Our childhoods have been stolen by war, but we can still reach for the stars
Memories of gazing at the Syrian night sky with my grandfather fuel my dream of becoming an astronaut – and of working for the betterment of all humanity
When I was little, I used to really, really love stargazing. I still remember the first time. One night, while visiting my grandfather’s village, we decided to go on the roof. The houses were far apart, and the night sky was so clear. I immediately fell in love with the stars. They never looked like that in the city.
Looking up, I wanted to understand what was happening, what they were made of and why some of them moved. This is when I decided that I was going to visit the planets one day. I was going to be an astronaut.
In 2013, my family and I left Syria for Reyhanli, in Turkey. Although I was young, I remember the long journey. First, we left Aleppo, the city where I was born, and moved to a town in Idlib, an hour away from the Turkish-Syrian border. We spent a year there, but it was filled with death and brutality. When the fighting increased and everyone left their homes, we, too, left for Turkey.
As Turkish customs and traditions are different from ours, Reyhanli was almost alien, compared to Aleppo, but I tried hard to get used to my new life. After we got to know people, the differences felt smaller. Now, I have both Syrian and Turkish friends.
Even though I didn’t live in Syria for long, what I saw there shaped my desire to be an astronaut. We used to have dreams, but when the war happened and we left our country, we began to let go of them. People would tell us to be practical, to become engineers to rebuild the country, and doctors to heal its people. They would tell me and my friends: “Don’t you dare have far-off thoughts and imagine that you can become anything out of the ordinary.”
But Syria also needs dreamers like me, people to pursue what others think is impossible. Why can’t Syrians travel to America and work with a company like SpaceX? When a Syrian does this, they will be able to proudly claim their identity and say: “I, too, am Syrian.”
This is my dream, and I can’t let go of it.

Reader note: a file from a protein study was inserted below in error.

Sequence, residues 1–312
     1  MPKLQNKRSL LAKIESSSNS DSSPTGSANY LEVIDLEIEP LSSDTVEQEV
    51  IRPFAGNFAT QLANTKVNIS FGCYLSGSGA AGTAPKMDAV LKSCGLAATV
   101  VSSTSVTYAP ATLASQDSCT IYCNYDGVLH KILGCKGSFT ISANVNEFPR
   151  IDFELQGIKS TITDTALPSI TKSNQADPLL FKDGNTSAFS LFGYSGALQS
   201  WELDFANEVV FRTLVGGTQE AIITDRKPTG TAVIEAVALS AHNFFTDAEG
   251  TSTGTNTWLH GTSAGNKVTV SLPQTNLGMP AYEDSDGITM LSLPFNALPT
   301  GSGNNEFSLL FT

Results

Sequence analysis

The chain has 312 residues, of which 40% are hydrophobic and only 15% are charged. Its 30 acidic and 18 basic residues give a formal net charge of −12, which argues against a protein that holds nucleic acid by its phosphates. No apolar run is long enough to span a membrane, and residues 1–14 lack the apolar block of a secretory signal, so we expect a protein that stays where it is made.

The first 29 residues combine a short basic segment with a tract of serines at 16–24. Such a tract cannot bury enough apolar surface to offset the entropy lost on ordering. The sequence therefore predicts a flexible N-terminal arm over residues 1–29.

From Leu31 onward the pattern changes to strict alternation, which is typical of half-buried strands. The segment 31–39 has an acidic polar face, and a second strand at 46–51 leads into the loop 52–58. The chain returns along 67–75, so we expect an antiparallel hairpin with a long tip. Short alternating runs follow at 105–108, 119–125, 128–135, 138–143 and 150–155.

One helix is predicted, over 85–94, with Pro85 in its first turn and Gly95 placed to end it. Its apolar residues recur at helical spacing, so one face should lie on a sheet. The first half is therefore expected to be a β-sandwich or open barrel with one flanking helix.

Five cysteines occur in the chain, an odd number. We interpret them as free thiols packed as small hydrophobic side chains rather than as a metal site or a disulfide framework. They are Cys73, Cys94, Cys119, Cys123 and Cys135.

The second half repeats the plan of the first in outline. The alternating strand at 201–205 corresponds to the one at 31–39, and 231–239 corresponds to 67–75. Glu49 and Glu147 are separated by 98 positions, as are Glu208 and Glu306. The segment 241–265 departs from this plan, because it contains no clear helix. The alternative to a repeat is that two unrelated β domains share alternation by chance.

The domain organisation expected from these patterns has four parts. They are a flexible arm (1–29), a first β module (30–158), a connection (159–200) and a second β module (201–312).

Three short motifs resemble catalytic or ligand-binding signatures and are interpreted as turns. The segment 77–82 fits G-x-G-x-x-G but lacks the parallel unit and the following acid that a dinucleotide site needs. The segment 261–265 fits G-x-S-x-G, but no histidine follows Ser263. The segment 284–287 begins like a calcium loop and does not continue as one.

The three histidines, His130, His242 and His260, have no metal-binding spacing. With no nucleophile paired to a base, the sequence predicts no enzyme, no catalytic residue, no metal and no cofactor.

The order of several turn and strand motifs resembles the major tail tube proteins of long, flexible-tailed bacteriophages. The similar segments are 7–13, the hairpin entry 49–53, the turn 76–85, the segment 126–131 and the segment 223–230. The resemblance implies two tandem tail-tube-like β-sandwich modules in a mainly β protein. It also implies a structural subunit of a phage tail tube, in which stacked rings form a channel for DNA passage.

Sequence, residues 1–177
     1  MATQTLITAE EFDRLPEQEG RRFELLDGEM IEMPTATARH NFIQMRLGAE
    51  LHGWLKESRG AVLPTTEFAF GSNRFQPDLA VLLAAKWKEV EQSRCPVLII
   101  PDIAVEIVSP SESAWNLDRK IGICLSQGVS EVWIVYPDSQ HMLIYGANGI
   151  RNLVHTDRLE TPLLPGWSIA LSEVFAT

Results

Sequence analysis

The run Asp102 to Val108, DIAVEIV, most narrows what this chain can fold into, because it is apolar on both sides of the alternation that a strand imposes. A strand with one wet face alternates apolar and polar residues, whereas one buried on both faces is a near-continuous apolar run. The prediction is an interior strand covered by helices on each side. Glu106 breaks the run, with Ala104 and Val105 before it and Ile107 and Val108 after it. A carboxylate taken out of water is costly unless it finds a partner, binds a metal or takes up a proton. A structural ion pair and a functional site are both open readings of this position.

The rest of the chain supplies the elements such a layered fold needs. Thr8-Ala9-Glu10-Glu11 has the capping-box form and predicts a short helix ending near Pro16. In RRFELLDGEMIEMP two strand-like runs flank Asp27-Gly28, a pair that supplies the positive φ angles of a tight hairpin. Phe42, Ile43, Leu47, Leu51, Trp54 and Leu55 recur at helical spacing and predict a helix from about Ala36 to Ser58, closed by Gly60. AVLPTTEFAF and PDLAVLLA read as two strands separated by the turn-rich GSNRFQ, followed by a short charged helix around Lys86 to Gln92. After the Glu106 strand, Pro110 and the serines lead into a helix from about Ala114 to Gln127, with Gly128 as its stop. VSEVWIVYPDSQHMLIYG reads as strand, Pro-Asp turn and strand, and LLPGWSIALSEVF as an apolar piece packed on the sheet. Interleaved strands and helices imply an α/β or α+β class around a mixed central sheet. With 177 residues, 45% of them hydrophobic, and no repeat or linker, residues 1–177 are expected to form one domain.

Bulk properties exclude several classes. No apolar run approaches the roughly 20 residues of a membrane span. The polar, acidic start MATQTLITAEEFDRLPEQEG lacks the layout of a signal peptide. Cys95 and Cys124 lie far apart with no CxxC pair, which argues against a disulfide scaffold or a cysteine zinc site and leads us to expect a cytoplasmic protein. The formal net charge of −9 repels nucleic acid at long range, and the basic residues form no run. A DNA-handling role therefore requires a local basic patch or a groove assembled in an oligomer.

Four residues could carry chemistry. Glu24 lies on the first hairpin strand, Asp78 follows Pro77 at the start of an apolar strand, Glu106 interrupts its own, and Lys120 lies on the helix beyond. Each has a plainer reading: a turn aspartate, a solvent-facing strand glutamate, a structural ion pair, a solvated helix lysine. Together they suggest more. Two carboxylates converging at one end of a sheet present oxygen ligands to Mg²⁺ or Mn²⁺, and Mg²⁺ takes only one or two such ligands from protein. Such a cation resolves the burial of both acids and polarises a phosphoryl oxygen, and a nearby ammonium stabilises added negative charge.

Syria needs dreamers like me – people who pursue what many think is impossible. Why can’t we become astronauts?
When I look up at the stars, I feel something beautiful – like I am a star, too. I wonder: “What would happen if we were up there?” I feel so simple under their grandness.
When I go to college, I want to study astronomy or astrophysics. Then, after graduating, I’d like to work with an organization like Nasa or SpaceX. I see these places as homes for ideas that seem unimaginable and unachievable to most. I want to work with people who have dreams like mine, who won’t look at me like the rest of the world does – like my dreams are strange. I hope we can all work together for the benefit of humanity.
Syria is not just a bunch of destroyed houses. The country is its people, the many generations who can change society for the better. Yes, Syria has suffered the consequences of war, but its people are resilient. They will accomplish their dreams.
Although I am only 16 years old, I have seen a lot. I have lived in Syria and in Turkey, and I don’t know where I’m going next. But, one thing I do know is that I’m not just a Syrian who has fled the war. I am also a student who wants to achieve her goals – who wants to reach the stars. That is what people should know about young Syrians, like me.
To other people who have dreams like mine, we must be very strong. Despite all the pain we may feel and the moments where we think we can’t do anything, we must persevere. In the end, we may die, but our contributions will live on and our discoveries will last forever.
To the young people who have had their hopes and aspirations mocked, if we are resilient, we can do anything – even we, who have lost our childhoods to war.
And, now, to the whole world, I hope that you help us achieve our dreams. Hand in hand, we can reach the stars and beyond.
Batoul Haj Mousa is a 16-year-old Syrian who lives in Reyhanli, Turkey and attends Karam House — a community innovation space for refugee teens. Translated by Tina Al-khersan, Karam Foundation communications co-ordinator
Updated: June 19, 2019 12:02 PM